EDUCATION

OUTCOMES

 

 

  1. Awareness of social influences that alter our perspective of "otherness"

 

  1. A distinction between cultural ‘integration’ and cultural ‘appropriation’

 

  1. Differentiation of ‘assimilation’ as a voluntary choice or as a survival mechanism

 

  1. Value of having a distinct identity within a group structure or larger society of other identities

 

  1. New perspectives on “what it means to be British”

 

  1. An applied physical study of identity and culture through creative devising tasks and group sharings

 

Group Size

 

10 - 30

 

Duration

 

The workshop is available in standard 2hr or 4hr sessions. It can be readily adapted to fit other timeframes.

 

Requirement for all workshops

 

Clear space with a floor suitable for dance and a sound system that can be connected to an mp3 player.

We believe the key question isn't who is British but what is "British"? To arrive at a well-considered answer many aspects need to be examined. As culture is an intrinsic part of the issue the arts have a leading role to play in the debate.

 

This workshop will provide participants with a selection of topics to prompt discussion and dance/movement-based study led by cast members in a studio setting. There will be options to create work for sharing or purely for exploration and research purposes.

Photo by Julia Testa

SEAN GRAHAM'S FOREIGN BODIES ORCHESTRA

OUTREACH & EDUCATION

EDUCATION FOCUS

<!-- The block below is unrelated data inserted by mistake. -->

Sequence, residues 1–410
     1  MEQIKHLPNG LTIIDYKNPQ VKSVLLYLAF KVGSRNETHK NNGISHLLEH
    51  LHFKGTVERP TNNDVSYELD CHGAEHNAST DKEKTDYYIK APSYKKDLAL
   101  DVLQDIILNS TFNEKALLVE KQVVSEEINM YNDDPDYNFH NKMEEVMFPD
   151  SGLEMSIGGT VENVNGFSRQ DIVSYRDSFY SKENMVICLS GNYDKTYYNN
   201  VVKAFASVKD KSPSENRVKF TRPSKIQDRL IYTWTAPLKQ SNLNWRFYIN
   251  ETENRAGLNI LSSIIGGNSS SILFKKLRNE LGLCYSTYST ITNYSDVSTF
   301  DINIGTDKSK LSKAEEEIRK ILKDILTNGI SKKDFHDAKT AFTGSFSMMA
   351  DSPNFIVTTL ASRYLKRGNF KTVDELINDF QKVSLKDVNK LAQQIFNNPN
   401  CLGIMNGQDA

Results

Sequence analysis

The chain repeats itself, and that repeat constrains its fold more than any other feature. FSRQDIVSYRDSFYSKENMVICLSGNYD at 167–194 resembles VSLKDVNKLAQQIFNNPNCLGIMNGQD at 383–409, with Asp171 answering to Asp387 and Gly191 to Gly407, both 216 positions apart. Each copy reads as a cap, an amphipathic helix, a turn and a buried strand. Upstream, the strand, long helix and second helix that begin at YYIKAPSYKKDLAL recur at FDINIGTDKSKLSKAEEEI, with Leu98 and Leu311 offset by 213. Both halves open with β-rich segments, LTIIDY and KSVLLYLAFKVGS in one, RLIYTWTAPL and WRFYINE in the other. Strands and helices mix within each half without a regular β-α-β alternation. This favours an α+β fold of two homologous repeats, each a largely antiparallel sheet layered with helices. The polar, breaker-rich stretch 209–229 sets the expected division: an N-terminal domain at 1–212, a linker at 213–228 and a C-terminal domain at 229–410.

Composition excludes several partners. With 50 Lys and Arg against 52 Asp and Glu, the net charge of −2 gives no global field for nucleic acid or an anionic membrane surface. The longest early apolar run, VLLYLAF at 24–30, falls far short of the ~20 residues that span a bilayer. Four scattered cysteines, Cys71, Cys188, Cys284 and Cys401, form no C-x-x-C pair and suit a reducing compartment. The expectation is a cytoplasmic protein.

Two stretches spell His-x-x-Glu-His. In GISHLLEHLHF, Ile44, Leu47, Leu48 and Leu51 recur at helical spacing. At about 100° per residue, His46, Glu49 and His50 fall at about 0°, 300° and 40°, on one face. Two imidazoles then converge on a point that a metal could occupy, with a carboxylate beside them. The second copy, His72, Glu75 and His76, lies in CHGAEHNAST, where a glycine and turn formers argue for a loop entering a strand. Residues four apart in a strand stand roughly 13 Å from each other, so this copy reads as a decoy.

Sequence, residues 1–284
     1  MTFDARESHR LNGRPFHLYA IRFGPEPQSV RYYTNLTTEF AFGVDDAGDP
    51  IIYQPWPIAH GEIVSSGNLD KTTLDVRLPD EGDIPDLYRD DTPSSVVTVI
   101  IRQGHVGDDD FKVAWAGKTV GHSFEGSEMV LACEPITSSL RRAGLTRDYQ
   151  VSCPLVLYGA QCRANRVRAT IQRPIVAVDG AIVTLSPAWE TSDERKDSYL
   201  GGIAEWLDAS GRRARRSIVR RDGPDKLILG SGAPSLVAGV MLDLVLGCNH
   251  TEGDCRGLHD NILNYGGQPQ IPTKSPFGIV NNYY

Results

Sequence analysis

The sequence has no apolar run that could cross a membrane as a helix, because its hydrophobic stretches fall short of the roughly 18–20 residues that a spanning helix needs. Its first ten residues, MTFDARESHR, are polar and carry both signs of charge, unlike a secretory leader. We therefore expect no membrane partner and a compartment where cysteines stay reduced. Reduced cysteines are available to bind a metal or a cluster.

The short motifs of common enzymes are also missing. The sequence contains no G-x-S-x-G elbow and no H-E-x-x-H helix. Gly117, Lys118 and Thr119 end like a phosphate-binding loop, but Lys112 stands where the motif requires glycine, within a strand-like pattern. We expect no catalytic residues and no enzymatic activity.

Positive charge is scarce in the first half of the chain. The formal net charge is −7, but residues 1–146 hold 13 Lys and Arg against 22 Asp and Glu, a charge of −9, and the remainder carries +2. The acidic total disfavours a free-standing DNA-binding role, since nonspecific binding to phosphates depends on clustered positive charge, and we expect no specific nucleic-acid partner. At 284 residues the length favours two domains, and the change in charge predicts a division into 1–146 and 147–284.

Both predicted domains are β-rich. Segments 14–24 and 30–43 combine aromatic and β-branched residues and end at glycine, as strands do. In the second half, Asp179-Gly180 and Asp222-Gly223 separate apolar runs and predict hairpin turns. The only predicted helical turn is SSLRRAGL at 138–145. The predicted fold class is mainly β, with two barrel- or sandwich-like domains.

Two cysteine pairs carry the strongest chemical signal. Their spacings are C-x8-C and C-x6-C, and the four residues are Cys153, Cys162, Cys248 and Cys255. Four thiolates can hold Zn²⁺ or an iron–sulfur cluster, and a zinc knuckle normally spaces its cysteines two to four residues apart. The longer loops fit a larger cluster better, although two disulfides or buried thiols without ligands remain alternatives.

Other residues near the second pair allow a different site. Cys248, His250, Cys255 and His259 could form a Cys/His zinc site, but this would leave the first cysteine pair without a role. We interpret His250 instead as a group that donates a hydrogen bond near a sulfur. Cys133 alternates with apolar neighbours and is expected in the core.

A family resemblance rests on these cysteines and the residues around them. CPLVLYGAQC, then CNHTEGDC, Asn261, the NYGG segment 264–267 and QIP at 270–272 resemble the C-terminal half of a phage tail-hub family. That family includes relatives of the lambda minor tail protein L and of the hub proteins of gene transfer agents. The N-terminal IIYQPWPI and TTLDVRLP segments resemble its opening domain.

We aim to provide educational activity that nurtures psychological development, emotional capacity and social change. Through both physical and intellectual exploration, we aim to stimulate personal growth and social empowerment sensitive to the inclusion of those who feel marginalised by mainstream society.

 

The arts and dance in particular have a natural urge if not a duty to explore and reflect the truth about the society in which it is made. Making work that only uses the aesthetic of one culture (if this is not the specific aim) is something that should be openly questioned.

CONTEXT OF EDUCATION

The political aspiration of a "Britain for everyone" has left many within the multiple divides of UK society with the question "Then who does Britain belong to?”

 

The mostly white Anglo-British members of controversial groups such as the English Defence League and UKIP say they feel like foreigners in their own country. The rapid growth of support for these groups and the media attention they attract forces on the public their question 'Does Britain belong to the British or the foreigners?’

"We have failed to provide a vision of society [to young Muslims] to which they feel they want to belong,… We have even tolerated segregated communities behaving in ways that run counter to our values. All this leaves some young Muslims feeling rootless. And the search for something to belong to and believe in can lead them to extremist ideology."

 

David Cameron

SUITABILITY

 

Age

 

(16 - 18) Contributing citizenship study (Key Stage 4)

 

(16 - 18) Students studying culture, politics or dance.

 

(18+ Students) studying culture, politics or dance.

 

(16 - 21) Not in Education Employment or Training (NEET)

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I would like to thank Breakin' Convention, the Association of Dance of the African Diaspora (DAD), We Move, Haringey Sixth Form, East London Dance and TALAWA Theatre Company for all the support they have given my work and the development of FBO.

 

I would also like to thank the Arts Council England for their contributed R&D funding which was of tremendous assistance in launching our path in early 2015.

 

FBO Creative Director, Sean D Graham.

THANKS TO OUR Partners & Supporters

 

Copyright© All Rights Reserved. Sean Graham